I really enjoyed this story about how various people found their way into the Church this Easter.
Catechism paragraphs 836-843 http://www.scborromeo.org/ccc/p123a9p3.htm#841
(We love and respect others, and believe everyone has a chance at heaven :)
When asked what 3 things God loves St. Ita answered,
“True faith in God with a pure heart,
a simple life with a religious spirit,
and an open hand inspired by charity.”
When asked what 3 things God hates St. Ita answered,
“A scowling face,
obstinacy in wrong doing,
and arrogant trust in the power of money.”
A few days late, but I love this picture :) It came to me in an e-mail forward, I have no idea who the artist is, wish I could credit him/her.
Love this book :) It is simple enough for my daughter to understand, yet has profundity that makes me cry every time!! Sometimes I tear up on the first page!!
I am trying to introduce as many Catholic traditions as possible to my children, so they may enjoy a good variety of faith-based activities and start to find ways to incorporate their faith into their everyday life. My goal is that they will adopt the mentality of “love God, serve others.”
Yet, I am having trouble with St. Nicholas’ Day. Do I really tell my daughter(4) that if she leaves her shoes out St. Nick will put a treat in them? Although it’s a meaningful tradition, I’m not sure that, at this point in my daughter’s life, if I introduce him like THAT he will be more than another “fictional” character that brings her goodies. He would just be another Easter Bunny.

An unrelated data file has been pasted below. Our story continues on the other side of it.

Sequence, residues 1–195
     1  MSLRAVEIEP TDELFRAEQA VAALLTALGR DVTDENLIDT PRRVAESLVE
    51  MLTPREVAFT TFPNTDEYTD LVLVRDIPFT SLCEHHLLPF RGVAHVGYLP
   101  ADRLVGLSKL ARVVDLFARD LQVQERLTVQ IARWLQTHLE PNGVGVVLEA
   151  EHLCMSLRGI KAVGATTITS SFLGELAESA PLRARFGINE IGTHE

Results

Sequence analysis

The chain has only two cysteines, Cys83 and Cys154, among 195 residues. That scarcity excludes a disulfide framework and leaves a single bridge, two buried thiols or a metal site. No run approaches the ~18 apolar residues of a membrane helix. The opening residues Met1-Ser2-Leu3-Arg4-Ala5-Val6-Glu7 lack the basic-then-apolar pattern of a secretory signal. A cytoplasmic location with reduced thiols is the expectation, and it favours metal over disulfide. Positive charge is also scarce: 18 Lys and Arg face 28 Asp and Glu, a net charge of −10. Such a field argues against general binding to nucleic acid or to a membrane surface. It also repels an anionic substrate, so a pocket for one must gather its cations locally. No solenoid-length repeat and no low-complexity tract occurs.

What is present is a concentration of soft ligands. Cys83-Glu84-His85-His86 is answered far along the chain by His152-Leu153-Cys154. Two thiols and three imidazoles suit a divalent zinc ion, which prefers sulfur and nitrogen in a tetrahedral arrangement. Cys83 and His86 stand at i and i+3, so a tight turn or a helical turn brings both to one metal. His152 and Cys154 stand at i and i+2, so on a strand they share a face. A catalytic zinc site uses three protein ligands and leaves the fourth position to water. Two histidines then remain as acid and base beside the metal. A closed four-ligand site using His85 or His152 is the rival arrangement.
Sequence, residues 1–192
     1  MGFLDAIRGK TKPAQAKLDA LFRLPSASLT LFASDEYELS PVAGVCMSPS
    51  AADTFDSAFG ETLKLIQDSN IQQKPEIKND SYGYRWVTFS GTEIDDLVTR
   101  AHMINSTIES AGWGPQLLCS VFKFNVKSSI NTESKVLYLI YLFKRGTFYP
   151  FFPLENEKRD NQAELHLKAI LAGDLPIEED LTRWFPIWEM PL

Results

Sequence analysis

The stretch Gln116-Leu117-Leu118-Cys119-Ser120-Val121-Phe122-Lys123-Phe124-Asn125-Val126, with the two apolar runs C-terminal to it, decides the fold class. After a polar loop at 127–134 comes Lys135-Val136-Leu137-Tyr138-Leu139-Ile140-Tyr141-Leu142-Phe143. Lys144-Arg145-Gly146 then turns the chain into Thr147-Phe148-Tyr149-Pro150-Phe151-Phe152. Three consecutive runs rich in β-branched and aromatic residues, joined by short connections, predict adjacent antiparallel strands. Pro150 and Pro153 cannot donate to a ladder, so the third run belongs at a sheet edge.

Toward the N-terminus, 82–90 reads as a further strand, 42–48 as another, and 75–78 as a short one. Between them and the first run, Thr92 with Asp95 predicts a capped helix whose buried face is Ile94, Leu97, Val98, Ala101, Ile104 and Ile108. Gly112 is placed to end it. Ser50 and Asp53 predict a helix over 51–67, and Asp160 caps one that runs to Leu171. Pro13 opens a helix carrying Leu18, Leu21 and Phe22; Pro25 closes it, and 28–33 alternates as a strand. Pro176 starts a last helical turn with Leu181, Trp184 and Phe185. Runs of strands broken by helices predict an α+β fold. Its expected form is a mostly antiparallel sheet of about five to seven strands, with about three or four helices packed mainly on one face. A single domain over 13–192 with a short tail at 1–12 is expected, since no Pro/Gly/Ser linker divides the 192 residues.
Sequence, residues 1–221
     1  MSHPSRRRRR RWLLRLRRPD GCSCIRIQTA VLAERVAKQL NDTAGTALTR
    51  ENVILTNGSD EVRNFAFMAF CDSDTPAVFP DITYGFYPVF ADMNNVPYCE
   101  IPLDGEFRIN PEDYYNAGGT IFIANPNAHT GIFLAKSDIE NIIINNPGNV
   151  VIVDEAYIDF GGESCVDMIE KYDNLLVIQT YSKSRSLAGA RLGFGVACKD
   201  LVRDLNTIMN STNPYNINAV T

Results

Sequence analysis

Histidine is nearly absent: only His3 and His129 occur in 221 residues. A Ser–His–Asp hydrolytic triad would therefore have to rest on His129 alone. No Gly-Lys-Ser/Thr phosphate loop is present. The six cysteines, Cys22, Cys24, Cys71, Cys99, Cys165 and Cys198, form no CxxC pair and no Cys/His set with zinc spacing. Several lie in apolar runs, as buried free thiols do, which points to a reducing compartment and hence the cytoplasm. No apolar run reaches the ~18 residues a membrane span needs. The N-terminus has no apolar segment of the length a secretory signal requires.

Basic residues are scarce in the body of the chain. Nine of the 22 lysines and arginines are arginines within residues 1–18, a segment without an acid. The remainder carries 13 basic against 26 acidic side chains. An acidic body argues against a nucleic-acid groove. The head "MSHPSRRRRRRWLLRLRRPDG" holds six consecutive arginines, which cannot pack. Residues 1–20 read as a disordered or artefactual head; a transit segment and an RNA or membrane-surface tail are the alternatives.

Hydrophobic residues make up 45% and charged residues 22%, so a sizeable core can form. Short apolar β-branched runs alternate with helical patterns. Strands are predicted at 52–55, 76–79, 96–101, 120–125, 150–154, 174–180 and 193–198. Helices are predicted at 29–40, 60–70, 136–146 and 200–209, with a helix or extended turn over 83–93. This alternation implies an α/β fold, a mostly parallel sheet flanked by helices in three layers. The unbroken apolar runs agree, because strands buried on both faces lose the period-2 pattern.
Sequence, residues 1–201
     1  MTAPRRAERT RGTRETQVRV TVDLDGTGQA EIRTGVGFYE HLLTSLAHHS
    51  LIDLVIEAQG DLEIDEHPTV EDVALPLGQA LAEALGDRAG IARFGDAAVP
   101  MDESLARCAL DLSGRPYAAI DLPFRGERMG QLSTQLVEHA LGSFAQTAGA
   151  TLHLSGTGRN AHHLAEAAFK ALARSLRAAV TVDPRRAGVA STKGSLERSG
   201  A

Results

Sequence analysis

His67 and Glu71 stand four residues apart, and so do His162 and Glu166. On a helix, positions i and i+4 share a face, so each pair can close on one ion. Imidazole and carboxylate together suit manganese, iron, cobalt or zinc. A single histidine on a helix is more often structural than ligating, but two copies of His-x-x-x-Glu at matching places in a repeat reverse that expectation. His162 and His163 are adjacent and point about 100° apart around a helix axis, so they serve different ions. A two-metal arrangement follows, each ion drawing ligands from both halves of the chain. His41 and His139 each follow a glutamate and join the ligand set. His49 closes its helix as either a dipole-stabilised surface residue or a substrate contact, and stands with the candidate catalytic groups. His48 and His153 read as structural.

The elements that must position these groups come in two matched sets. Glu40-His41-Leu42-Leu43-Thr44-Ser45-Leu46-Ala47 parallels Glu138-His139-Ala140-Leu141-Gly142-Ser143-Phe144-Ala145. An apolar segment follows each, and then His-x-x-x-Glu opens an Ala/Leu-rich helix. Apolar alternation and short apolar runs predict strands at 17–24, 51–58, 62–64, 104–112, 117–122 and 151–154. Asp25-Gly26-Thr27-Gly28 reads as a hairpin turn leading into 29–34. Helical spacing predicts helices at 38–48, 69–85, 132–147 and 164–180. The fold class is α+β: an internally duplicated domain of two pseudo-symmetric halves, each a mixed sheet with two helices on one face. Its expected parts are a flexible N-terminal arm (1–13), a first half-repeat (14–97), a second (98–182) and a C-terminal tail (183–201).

Instead, I think I will focus tomorrow on the story and message of St. Nicholas, as well as soon of the cool crafts I found here. I’m a little torn about it, though.
Studies* with young children (ages 4-7) in the Netherlands show that St. Nicholas encourages positive, sharing behavior:
“One may think that traditions like the Dutch Saint Nicholas tradition makes children materialistic, greedy, and less likely to share with others as they are spoiled with gifts and candy. However, our results clearly show that children in The Netherlands still associate Saint Nicholas with ‘sharing with others’ . . . .
“Significant others, such as family members, friends, and Saint Nicholas, are pre-eminently the people that influence us and that teach us what is good, and what is bad, and what the social norms are in our society… . Give Dutch children a coloring picture depicting the attributes of Saint Nicholas (a book, miter, and a staff) and they will give away more of their candy.”
study cited here